Although open to approved researchers, much of the archive remains off-limits and critics believe it holds evidence of the Church’s dark past.
In reality, the Archive’s Latin name Archivum Secretum Vaticanum has more to do with privacy than secrecy.
Constructed by Pope Paul V in 1611, today the archives contain about 85km of shelving, holding information that dates back to the eighth century.
Within the archive are documents relating to the Inquisition, Henry VIII of England’s petitions for divorce, information on the trial of Galileo, and a letter from Michelangelo complaining about late payment for his painting and decorating work.
In its 1970s heyday, the sun-soaked beaches of Varosha made it one of the world’s most popular holiday destinations.
Filled with luxurious high-rise hotels, it was loved by everyone from families to the rich and famous, with visitors including Elizabeth Taylor and Richard Burton and Brigitte Bardot.
But sadly the 1974 Turkish invasion put the vacation on permanent hold and today the town stands frozen in time.
The Varosha area of Famagusta lies just north of the Atilla Line that divides Cyprus between the Greek south and the Turkish north and is still a hotly contested area.
So while you’re tanning yourself on a beach Turkish-Cypriot Famagusta, the resort of Varosha slowly crumbles next to you.
The Tomb of Qin Shi Huang, China
China’s Terracotta Army have been a favourite with travellers for nearly 40 years, but what many visitors don’t realise is that a much larger archaeological treasure lies undiscovered below the ground.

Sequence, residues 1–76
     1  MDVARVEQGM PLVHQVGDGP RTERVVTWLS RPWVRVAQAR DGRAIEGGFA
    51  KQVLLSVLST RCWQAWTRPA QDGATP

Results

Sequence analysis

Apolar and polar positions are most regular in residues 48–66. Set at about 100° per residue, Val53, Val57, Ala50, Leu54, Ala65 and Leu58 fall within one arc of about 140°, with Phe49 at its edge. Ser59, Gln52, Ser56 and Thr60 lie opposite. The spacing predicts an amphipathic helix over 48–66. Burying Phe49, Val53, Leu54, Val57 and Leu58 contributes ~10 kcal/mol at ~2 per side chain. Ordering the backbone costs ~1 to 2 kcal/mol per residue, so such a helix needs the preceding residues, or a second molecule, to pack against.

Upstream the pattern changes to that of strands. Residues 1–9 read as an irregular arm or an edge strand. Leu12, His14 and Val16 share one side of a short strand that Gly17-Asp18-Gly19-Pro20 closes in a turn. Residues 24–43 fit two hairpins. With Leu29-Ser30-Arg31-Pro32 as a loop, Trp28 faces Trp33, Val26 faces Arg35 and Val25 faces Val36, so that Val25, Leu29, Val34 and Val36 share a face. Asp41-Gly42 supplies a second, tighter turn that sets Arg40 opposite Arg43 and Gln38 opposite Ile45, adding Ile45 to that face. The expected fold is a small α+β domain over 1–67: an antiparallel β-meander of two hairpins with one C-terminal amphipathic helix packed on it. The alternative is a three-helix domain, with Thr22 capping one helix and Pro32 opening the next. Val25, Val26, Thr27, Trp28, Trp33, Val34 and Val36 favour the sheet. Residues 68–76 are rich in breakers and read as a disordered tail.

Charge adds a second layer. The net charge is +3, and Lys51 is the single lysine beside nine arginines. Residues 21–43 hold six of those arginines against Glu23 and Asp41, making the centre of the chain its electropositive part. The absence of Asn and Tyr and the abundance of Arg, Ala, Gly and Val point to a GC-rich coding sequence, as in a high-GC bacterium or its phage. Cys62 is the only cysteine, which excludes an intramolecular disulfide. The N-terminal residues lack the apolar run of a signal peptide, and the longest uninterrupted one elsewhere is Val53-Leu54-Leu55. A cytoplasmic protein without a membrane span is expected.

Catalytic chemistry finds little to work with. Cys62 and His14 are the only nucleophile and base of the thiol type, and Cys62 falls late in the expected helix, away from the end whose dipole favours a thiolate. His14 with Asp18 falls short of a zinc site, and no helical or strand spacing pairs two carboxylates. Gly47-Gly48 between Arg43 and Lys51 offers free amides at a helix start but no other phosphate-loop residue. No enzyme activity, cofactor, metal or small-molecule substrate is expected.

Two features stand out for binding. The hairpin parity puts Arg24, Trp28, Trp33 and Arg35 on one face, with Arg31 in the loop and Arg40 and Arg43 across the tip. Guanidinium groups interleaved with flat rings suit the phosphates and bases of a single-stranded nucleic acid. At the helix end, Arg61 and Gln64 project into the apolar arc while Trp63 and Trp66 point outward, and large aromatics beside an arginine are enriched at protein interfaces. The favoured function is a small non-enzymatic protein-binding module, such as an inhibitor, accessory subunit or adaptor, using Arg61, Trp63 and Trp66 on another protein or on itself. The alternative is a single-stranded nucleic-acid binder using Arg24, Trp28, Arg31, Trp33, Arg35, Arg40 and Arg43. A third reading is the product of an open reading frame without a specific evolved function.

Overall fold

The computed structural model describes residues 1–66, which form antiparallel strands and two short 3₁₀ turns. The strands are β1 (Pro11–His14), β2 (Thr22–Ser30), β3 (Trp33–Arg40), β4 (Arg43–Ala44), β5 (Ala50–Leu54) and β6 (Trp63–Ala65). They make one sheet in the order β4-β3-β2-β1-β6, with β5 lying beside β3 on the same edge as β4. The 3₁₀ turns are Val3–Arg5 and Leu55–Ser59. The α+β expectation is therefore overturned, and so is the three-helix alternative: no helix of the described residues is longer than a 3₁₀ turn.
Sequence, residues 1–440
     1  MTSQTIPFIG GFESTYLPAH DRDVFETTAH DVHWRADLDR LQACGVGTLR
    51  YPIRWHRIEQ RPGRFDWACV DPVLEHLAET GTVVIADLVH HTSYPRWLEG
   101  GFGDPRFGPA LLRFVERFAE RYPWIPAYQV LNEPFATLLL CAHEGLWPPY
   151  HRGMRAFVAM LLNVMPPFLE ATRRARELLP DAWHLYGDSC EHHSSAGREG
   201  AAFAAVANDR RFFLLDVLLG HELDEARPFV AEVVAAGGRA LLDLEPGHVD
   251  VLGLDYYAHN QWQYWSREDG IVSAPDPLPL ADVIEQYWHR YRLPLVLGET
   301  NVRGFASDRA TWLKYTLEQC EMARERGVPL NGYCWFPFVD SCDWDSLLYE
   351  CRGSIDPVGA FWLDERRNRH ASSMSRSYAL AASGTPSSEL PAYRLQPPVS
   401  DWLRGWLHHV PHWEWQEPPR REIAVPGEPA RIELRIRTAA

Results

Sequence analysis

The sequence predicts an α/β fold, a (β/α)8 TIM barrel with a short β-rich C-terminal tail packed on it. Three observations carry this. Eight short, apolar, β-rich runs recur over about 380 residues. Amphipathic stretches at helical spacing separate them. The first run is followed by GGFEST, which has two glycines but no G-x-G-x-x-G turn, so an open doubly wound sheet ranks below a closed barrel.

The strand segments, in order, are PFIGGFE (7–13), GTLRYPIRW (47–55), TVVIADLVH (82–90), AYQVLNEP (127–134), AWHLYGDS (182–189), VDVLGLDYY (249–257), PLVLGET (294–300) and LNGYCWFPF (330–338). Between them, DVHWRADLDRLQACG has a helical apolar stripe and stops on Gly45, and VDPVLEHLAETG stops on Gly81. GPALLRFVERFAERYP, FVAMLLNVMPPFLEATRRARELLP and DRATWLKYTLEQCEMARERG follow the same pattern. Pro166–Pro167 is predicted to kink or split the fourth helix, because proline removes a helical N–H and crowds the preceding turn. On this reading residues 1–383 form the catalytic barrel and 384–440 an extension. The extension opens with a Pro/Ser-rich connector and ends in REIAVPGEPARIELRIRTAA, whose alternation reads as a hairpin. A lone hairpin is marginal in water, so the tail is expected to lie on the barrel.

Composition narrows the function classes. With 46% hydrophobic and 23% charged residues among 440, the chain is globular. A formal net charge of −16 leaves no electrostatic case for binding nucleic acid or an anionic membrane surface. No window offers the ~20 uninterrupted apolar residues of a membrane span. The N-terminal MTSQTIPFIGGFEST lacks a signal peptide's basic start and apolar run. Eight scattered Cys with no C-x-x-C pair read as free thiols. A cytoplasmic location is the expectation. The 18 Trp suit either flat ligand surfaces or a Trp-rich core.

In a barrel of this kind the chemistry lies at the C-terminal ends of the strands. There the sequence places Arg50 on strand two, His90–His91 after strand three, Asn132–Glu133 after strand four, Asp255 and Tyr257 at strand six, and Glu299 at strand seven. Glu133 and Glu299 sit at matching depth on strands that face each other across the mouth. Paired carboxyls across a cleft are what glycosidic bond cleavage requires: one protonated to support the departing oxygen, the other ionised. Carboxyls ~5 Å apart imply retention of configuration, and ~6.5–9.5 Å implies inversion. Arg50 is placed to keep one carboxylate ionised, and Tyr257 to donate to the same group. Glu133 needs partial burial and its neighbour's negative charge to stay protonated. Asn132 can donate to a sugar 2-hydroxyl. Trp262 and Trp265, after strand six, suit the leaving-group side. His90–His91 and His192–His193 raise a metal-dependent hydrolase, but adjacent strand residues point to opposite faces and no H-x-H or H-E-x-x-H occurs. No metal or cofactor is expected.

The legendary tomb of China’s first emperor, Qin Shi Huang, is roughly the size of the Great Pyramid at Giza, but it was considerably larger in Qin Shi Huang’s time.
In 1974, a party of well diggers uncovered the first evidence of the Terracotta Warriors and since then further pits have been found containing figures of actors, dancers, musicians, acrobats and civil servants.
Subsequent investigations have revealed around 180 different sites within the tomb complex, from towers and gardens to offices.
To deter intruders, the Emperor had the mausoleum extensively booby-trapped and it is said a network of crossbows is rigged to fire at anyone who manages to break in.
All requests to excavate the tomb have been turned down by the Chinese authorities so it seems, for now at least, the Emperor can rest in peace.
The Queen’s bedroom Buckingham Palace, England
It’s one of the most iconic buildings in the world, yet one small corner of Buckingham Palace remains a mystery to the outside world.
Queen Elizabeth II’s official London residence attracts millions of tourists every year, but it is also one of the world’s most secure locations.
The Palace has some 775 rooms, of which 52 are royal and guest bedrooms. When in residence (signified by the raising of the Royal Standard), the Queen and Prince Philip occupy a suite of rooms in the Palace’s North Wing.
As well as armed guards throughout the Palace there are regular police dog patrols and a permanent detachment from the Queen’s Guard. In 2004, Scotland Yard took over security and an electric fence was erected around the Palace, administering a shock strong enough to disable any intruder until they are apprehended.
- 100 Places You Will Never Visit: The World’s Most Secret Places by Daniel Smith is published by Quercus Books and is available for purchase on its website.